• IgG subclass deficiency.[6] There are four subtypes of IgG - namely, IgG1, IgG2, IgG3 and IgG4. Patients with persistently low levels of one or two IgG subclasses but normal total IgG level have selective IgG subclass deficiency.
  • Specific antibody deficiency (SAD).[7] Patients who have normal immunoglobulin levels but lack the ability to produce protective IgG molecules against the type of organisms which cause respiratory tract infections (eg, Streptococcus pneumoniae, Moraxella catarrhalis and Haemophilus influenzae type b) are said to have SAD. It is also known as impaired polysaccharide responsiveness.
  • Transient hypogammaglobulinaemia of infancy (THI).[8] All infants between the ages of 3 to 6 months have low antibody levels, as the level of transplacentally acquired IgG falls and the infants own production of antibodies is initially slow (physiological hypogammaglobulinaemia of infancy). THI is diagnosed in infants over 6 months of age if the IgG levels are significantly lower (fewer than two standard deviations) than 97% of the infants at that age. This usually self-corrects by 2 years of age, although sometimes it last a few more years.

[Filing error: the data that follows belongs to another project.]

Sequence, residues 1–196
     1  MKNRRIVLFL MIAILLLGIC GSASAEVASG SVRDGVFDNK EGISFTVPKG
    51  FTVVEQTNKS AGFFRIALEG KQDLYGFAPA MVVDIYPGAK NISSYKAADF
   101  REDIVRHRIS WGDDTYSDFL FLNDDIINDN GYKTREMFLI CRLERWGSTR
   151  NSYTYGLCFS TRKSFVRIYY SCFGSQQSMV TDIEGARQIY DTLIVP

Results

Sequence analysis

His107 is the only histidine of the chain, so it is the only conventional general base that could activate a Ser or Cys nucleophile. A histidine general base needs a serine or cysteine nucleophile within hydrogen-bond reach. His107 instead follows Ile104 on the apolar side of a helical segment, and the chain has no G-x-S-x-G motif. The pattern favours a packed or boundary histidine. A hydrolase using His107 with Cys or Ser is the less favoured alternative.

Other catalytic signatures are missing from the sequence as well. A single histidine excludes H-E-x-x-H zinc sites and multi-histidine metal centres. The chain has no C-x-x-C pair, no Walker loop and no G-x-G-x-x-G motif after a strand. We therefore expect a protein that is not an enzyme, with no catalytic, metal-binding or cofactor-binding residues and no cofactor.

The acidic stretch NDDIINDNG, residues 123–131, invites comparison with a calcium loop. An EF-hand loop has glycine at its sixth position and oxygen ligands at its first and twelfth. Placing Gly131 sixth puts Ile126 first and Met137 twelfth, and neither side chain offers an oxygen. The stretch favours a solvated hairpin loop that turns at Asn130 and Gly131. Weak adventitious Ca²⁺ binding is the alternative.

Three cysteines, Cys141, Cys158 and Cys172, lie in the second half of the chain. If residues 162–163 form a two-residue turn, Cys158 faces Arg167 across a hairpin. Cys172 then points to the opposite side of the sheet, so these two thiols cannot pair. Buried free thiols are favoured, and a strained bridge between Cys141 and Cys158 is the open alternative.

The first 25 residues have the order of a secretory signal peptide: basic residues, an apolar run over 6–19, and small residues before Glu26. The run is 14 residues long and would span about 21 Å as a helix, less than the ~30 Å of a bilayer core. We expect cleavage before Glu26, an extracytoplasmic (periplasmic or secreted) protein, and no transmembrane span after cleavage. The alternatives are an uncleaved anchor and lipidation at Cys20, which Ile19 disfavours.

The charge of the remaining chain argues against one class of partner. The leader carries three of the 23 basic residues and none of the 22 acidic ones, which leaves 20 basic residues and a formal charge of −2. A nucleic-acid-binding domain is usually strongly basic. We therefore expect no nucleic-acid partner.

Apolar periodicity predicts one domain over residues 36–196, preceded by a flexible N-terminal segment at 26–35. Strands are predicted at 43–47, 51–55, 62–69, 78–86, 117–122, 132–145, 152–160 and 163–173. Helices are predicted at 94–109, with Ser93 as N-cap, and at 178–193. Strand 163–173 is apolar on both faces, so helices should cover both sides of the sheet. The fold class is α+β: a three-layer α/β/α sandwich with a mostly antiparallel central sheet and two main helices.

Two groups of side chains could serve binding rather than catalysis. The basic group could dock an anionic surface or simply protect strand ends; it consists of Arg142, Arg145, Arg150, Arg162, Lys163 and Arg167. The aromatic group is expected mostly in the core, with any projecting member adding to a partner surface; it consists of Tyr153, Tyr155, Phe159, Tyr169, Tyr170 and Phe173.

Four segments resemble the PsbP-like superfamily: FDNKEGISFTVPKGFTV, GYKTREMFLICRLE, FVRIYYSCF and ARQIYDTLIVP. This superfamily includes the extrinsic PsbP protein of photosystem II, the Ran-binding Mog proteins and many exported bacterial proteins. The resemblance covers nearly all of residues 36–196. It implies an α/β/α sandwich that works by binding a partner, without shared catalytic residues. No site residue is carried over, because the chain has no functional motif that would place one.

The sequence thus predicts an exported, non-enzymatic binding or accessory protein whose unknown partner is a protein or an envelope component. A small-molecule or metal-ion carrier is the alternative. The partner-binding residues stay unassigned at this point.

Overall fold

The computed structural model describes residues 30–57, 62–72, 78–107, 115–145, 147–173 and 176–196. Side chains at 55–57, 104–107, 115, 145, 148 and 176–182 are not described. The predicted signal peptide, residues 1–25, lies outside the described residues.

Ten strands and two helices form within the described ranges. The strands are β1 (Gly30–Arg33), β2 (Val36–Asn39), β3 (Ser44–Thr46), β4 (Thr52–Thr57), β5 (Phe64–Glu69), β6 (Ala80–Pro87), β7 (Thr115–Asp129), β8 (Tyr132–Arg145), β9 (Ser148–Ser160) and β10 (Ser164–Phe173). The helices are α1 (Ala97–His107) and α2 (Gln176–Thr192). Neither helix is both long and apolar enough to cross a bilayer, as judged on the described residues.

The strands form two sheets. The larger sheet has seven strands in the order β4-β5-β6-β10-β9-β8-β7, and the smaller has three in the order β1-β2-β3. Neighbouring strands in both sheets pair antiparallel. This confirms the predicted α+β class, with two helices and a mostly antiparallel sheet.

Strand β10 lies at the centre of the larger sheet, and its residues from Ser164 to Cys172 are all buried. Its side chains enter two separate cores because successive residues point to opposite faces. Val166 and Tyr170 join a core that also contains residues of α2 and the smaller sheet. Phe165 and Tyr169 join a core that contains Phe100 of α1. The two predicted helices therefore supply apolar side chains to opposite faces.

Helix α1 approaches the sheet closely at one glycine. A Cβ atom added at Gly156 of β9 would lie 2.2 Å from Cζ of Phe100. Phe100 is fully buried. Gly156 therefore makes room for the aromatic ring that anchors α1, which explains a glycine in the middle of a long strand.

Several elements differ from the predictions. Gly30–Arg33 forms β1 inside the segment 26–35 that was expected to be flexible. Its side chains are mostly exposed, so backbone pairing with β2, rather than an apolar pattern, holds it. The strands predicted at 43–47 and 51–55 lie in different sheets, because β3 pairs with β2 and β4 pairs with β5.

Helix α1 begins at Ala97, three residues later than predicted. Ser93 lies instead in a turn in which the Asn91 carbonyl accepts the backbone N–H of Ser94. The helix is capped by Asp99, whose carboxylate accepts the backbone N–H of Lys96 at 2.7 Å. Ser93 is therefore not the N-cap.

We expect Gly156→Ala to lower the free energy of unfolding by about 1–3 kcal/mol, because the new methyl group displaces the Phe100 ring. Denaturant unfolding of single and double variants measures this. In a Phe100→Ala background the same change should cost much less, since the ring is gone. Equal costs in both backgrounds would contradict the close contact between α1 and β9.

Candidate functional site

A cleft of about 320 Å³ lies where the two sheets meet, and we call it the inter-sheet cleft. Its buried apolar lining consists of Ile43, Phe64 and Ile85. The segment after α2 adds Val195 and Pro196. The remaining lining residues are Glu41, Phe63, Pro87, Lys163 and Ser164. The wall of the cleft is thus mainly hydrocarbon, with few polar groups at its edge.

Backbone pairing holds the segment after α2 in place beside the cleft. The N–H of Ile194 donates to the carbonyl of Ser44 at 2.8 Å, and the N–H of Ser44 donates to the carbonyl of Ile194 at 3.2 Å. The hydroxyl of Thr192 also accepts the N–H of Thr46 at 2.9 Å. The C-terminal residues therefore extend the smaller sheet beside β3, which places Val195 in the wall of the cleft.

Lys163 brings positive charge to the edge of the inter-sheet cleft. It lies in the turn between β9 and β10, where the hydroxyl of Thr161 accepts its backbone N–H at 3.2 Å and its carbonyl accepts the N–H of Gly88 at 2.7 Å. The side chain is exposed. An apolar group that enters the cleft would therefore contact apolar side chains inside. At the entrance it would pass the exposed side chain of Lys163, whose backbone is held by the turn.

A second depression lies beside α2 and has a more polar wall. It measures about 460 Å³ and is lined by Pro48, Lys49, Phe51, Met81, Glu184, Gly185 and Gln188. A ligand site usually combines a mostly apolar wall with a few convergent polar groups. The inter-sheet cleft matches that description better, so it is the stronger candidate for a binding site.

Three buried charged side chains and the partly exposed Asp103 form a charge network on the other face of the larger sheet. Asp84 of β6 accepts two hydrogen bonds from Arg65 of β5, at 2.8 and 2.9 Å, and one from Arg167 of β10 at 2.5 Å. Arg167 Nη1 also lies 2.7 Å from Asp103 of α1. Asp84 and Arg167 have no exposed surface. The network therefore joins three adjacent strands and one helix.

• Unspecified antibody deficiencies. Patients with primary hypogammaglobulinaemia and intact cellular immunity who do not fulfil diagnostic criteria of any of the PADs are said to have unspecified antibody deficiency.

Clinical presentation is variable in this heterogeneous group of conditions. However, all clinically significant PADs are characterised by high prevalence of chronic or recurrent infections commonly caused by pyogenic encapsulated bacteria - eg, S.pneumoniae and H. influenzae type b. In addition to common infections, intestinal giardiasis and cryptosporidiosis may be problematic. The possibility of a PAD is suggested by:

  • Recurrent and severe infections of different types, including:
    • Sinopulmonary infections (pneumonia, sinusitis, otitis media).
    • Meningitis and/or sepsis.
    • Gastrointestinal infections (chronic diarrhoea or malabsorption).
    • Cutaneous infections.
  • Autoimmune disorders including autoimmune haemolytic anaemia, neutropenia or thrombocytopenia as well as systemic lupus erythematosus (SLE) and rheumatoid arthritis.